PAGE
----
Farm Horizons, June 2012

Claessens tell the other side of the history of Caterpillar, win two Midwest Book Awards

By Jennifer Kotila

Ed and Sue Claessen of Waverly came back from the Midwest Book Awards gala May 9 as award-winning authors two times over for their book “Making Tracks: C.L. Best and the Caterpillar Tractor Company.”

The Claessens placed first in the biography and history categories, the only categories in which they entered the book for the contest.

The awards are sponsored by the Midwest Independent Publishers Association, and each book is judged on creativity in content and execution, overall quality, and its unique contribution to its subject area.

When the Claessens were told about the contest, they did not give it much thought, Ed said.

But, as they were touring Minnesota and California for book signings, “We received a lot of positive feedback from people who bought the book, and thought, let’s try it,” Ed said.

The Claessens said they are both very pleased with the awards, and fortunate to have won two.

“Even being chosen as a top-three finalist was an honor,” Sue said. “Then to win – it was fun and exciting.”

Ed noted there were quite a few books entered in the categories of biography and history.

Before the award ceremony was a social hour in which the authors could meet each other and the books were all on display.

“We were up against some really tough books,” Sue said.

However, Ed said that after reviewing the judges’ critique sheets, it really wasn’t a competition.

The book earned 156 out of 160 points in the biography category, and 126 out of 160 points in the history category.

One judge came up to the Claessens following the ceremony and told them the book needs to go further (as in reaching a wider audience), Ed said.

One judge commented on the critique sheet that she could tell the book was a labor of love for the Claessens, and they had a real passion for the subject, Sue said.

The judges also were complimentary regarding the format and photos used in the book.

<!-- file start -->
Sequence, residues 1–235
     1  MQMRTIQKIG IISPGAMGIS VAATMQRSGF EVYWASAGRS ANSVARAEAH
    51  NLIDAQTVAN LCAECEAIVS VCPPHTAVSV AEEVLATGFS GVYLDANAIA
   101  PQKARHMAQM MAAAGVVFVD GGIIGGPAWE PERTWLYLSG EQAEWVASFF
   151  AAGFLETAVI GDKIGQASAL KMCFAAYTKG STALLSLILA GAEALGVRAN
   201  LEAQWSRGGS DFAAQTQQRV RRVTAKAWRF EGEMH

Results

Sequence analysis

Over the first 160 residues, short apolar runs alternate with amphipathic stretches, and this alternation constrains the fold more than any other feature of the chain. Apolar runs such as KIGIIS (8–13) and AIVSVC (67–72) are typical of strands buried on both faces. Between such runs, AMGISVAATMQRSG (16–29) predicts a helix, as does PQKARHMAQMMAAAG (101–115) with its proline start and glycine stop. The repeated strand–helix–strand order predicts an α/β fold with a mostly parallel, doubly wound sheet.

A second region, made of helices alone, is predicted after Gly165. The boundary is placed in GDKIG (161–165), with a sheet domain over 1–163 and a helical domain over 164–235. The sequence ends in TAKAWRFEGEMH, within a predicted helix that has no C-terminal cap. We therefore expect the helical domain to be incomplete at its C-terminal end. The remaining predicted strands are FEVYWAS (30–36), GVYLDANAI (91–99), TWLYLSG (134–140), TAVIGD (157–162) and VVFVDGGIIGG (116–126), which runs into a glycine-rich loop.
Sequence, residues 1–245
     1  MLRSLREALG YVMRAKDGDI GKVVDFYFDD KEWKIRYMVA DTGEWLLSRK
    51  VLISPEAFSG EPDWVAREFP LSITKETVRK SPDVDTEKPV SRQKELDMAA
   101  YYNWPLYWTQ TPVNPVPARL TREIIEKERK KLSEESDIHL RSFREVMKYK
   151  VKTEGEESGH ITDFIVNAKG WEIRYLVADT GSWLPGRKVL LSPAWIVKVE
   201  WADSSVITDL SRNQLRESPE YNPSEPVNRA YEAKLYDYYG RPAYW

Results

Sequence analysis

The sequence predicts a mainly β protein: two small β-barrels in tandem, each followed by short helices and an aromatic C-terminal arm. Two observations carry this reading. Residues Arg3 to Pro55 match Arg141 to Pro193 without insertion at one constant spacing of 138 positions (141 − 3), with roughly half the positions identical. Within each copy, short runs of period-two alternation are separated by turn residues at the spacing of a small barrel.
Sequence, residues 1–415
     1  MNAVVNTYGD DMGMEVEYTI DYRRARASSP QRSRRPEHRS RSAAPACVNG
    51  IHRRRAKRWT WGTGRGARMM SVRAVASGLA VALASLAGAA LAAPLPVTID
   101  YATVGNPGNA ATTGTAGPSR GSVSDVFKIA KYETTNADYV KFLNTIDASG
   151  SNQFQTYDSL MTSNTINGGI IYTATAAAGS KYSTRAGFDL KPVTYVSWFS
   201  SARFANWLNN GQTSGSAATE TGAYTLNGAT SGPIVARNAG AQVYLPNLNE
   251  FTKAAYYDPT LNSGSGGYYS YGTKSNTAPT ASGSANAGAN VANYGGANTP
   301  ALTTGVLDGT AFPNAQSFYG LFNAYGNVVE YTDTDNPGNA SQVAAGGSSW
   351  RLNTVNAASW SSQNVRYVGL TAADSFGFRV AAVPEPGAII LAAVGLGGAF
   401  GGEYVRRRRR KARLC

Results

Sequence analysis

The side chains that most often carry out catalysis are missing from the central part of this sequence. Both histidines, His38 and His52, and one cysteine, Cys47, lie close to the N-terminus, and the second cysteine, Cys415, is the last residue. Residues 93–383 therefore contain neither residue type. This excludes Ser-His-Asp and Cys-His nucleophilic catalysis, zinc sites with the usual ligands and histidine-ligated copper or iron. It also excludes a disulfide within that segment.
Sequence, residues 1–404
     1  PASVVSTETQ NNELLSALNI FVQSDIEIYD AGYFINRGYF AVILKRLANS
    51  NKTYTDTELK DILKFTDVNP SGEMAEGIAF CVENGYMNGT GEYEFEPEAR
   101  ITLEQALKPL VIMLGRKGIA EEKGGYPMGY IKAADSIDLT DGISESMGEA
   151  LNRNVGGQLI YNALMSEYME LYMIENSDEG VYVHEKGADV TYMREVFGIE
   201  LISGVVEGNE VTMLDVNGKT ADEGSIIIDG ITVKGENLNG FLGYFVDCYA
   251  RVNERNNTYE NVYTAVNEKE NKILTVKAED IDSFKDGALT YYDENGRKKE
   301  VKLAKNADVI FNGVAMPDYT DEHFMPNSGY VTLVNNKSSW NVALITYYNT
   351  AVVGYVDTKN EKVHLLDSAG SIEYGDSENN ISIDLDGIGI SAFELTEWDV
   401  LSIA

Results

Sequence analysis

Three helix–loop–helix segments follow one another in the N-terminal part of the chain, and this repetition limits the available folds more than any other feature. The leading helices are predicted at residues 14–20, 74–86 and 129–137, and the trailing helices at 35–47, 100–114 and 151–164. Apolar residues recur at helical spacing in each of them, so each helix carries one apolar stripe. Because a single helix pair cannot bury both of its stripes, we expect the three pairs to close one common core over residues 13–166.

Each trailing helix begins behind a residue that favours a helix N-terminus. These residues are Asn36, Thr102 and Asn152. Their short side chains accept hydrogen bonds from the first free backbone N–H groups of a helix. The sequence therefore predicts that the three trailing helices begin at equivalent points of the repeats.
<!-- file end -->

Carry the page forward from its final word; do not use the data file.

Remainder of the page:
Another judge was surprised how good the story was, considering the subject of the book, and noted she had learned something.

“It’s nice to get acknowledged from people chosen to judge and really critically look at the book,” Sue said.

Interest in Caterpillars leads to a good story

“In 1973, I bought my first one (Caterpillar tractor),” Ed said. He has done his share of road grading and excavating over the years. “The state of Minnesota had given Vietnam veterans a bonus – that’s what I spent it on.”

The purchase of that 1930 Caterpillar 60 led to nearly 40 years of restoring tractors, and researching the Caterpillar Tractor Company and C.L. Best’s role in making it successful. Ed became good friends with the Best family during that time, learning interesting facts about the company many people did not know.

Because C.L. Best’s grandson felt it was important for others to know who his grandfather was and what he did, and Ed had all the knowledge from years of research, he asked Ed to write it all down.

The Claessens started writing “Making Tracks” in 2006, and it took more than five years to complete and be published, including many additional hours of research in order to get the story right.

The importance of ‘Making Tracks’

When Ed became interested in finding out all he could about Caterpillars and the history of the company, he did not find much information about Best, his tractors before Caterpillar, or his company.